737 F2d 625 United States v. Navarro
737 F.2d 625
15 Fed. R. Evid. Serv. 1447
UNITED STATES of America, Plaintiff-Appellee,
Juan NAVARRO, Andres Mugercia and Guillermo Perdomo,
Nos. 83-1602, 83-1639 and 83-1640.
United States Court of Appeals,
Argued Feb. 7, 1984.
Decided June 14, 1984.
David Bortman, Jerry B. Kurz, Gerald J. Collins, Chicago, Ill., for defendants-appellants.
L. Felipe Sanchez, Asst. U.S. Atty., Dan K. Webb, U.S. Atty., Chicago, Ill., for plaintiff-appellee.
Before CUDAHY and FLAUM, Circuit Judges, and BARTELS, Senior District Judge.*
BARTELS, Senior District Judge.
Guillermo Perdomo, Juan Navarro, and Andres Mugercia appeal from a jury verdict finding them guilty of conspiracy and distribution of cocaine.1 Perdomo and Navarro received suspended sentences and five years probation, and Mugercia received a sentence of three years imprisonment plus a special parole term and probation. Their appeal is predicated upon the failure of the district court to (1) permit inquiry into an informant-witness' home address and place of employment, (2) order production of the informant's Immigration and Naturalization Service ("INS") file, and (3) find entrapment as a matter of law.
Defendants' convictions arose from the sale of cocaine in September, 1982 to an undercover Drug Enforcement Administration ("DEA") agent, Leo Arreguin. A DEA informant, Jose Gutierrez, had introduced defendants to Arreguin. Defendants do not dispute the sale, but contend that they had been entrapped by Gutierrez and Arreguin. The government presented its case largely through the testimony of Gutierrez and Arreguin. Perdomo and Navarro took the stand on their own behalf but Mugercia did not.
Gutierrez's and Arreguin's Testimony
Gutierrez first met Perdomo in December, 1981, when Perdomo was employed at Grant Hospital in Chicago, to which Gutierrez had been assigned by a private security agency as an undercover agent to investigate drug dealings and thefts involving hospital employees. Gutierrez's work at Grant Hospital was in a dual capacity because he had also been an active DEA informant since September, 1980. When Gutierrez first befriended Perdomo he inquired whether Perdomo knew of anyone at the hospital willing to sell Gutierrez cocaine. Perdomo, unaware of Gutierrez's undercover role, said that he did and shortly thereafter introduced Gutierrez to "Elias," a hospital employee. Perdomo vouched for Gutierrez and was present when Gutierrez and Elias discussed a cocaine purchase. Without further participation by Perdomo, Gutierrez at a later date purchased cocaine from Elias' brother, leading to the arrests of both brothers.2 After his initial inquiry concerning cocaine dealers, Gutierrez ceased further inquiry of Perdomo, even though the two became friends and met frequently on a social basis afterwards.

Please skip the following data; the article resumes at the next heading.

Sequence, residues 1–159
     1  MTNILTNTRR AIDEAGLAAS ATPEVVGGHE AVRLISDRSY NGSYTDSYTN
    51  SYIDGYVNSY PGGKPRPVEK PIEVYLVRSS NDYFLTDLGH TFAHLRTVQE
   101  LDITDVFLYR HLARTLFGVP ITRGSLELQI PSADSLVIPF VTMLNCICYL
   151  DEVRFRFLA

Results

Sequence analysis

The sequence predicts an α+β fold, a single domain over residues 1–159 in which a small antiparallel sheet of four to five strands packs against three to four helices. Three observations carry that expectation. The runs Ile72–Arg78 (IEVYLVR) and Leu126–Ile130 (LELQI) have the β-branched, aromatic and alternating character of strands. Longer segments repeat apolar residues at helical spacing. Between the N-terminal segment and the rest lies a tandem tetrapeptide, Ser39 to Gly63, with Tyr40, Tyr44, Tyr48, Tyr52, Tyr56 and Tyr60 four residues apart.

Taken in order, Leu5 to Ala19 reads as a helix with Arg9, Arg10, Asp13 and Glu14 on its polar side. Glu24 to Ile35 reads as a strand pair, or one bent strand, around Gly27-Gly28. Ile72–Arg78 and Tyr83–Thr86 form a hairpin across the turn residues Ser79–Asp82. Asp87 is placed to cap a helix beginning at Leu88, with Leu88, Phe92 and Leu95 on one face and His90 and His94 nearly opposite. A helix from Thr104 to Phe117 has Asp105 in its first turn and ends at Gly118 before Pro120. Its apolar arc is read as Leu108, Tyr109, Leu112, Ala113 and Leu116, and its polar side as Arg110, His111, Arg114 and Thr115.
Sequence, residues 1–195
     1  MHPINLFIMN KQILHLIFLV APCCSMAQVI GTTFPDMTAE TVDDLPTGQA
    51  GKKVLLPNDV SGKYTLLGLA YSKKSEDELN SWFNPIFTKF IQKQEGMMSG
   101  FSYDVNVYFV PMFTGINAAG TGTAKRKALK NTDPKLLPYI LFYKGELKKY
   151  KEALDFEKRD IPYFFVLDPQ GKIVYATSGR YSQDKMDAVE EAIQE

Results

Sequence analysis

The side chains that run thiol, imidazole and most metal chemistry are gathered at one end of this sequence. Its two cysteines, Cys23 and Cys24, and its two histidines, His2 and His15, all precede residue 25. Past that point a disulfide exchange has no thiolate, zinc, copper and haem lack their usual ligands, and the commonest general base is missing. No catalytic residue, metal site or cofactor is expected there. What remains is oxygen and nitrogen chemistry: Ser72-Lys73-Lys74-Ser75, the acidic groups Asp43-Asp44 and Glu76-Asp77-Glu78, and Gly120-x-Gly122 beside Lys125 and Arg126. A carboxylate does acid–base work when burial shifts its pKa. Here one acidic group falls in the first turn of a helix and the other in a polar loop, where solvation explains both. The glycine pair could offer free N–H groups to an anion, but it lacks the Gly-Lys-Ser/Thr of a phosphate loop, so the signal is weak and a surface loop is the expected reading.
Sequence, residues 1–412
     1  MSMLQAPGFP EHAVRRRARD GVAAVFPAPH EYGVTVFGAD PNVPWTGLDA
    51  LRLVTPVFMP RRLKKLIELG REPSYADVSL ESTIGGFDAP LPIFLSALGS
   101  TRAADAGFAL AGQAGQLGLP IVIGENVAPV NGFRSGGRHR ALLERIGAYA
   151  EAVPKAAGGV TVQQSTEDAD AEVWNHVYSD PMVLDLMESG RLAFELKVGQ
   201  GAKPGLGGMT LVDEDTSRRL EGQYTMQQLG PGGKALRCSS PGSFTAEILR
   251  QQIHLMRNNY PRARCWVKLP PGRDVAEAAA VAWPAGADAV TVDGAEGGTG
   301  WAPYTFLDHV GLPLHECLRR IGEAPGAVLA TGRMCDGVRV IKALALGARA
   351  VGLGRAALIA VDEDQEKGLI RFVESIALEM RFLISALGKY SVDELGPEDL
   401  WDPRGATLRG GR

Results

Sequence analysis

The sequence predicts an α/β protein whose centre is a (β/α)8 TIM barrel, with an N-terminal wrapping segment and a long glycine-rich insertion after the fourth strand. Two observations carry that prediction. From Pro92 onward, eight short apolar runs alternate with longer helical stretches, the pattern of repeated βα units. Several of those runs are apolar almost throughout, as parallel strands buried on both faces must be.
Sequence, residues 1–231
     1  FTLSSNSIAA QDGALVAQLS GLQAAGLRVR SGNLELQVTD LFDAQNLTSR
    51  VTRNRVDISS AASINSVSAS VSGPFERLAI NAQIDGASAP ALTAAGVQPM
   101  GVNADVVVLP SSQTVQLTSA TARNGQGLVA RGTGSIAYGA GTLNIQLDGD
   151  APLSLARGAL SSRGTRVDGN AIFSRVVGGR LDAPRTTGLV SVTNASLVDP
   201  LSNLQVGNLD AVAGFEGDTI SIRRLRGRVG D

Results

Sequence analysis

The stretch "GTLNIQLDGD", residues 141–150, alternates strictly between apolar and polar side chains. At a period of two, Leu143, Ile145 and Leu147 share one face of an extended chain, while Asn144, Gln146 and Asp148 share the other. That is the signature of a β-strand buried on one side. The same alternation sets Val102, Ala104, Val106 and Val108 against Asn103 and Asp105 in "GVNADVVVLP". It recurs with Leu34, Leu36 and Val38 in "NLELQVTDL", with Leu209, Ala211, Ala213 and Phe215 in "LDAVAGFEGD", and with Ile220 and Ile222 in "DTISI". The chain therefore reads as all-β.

In August, 1982, Perdomo asked Gutierrez about finding someone interested in buying cocaine. Gutierrez warned Perdomo not to get involved with drugs, but agreed to "help" after Perdomo persisted and claimed he needed the money. Gutierrez arranged a meeting with "Polo" as a possible buyer. In fact, "Polo," whom Gutierrez had previously identified to Perdomo as a wealthy and influential friend, was Agent Arreguin, Gutierrez's DEA contact. Gutierrez and Arreguin met Perdomo near Grant Hospital in mid-August to discuss a sale of cocaine. Perdomo, however, could not answer Arreguin's questions about price and quality, stating that he had a friend who could. On September 3rd Arreguin and Gutierrez met with Perdomo who introduced Navarro as the friend previously mentioned. Navarro offered to arrange the delivery of cocaine to Arreguin in Miami, Florida, and promised to check with his source regarding a sample.
Perdomo and Navarro--the latter playing a more substantial role--contacted Gutierrez and Arreguin numerous times during the following week in connection with a proposed sale in Miami of two kilograms of cocaine. At a meeting on September 7th Navarro purportedly called his Miami source to whom Gutierrez spoke briefly and whose voice Gutierrez later identified as that of Mugercia.3 After the call Navarro assured Arreguin of the cocaine's high quality based on Navarro's familiarity with the source and his prior experiences transporting cocaine by vehicle from Florida to Illinois. Arreguin, however, declined to make the purchase in Florida and requested Navarro to check with his local sources. Approximately one week later Navarro told Gutierrez that he had located a Chicago source of cocaine and had a sample. Shortly thereafter Navarro met Arreguin near Gutierrez's home and sold him a sample for $150.4 After discussion of the terms Arreguin told Navarro to contact his source and call when ready to deliver.
The sale took place on September 21st. Perdomo and Navarro were to receive a $3,000 commission for arranging the sale to Arreguin of one pound of cocaine for $35,000. Perdomo and Navarro introduced Mugercia to Arreguin and Gutierrez as the one who would deliver the cocaine within minutes after counting the money. Surveillance agents watched as Mugercia departed to a nearby alley where he picked up a half-pound package of cocaine from Vincente Chao and delivered it to Arreguin as the first phase of the sale, whereupon all the defendants were arrested.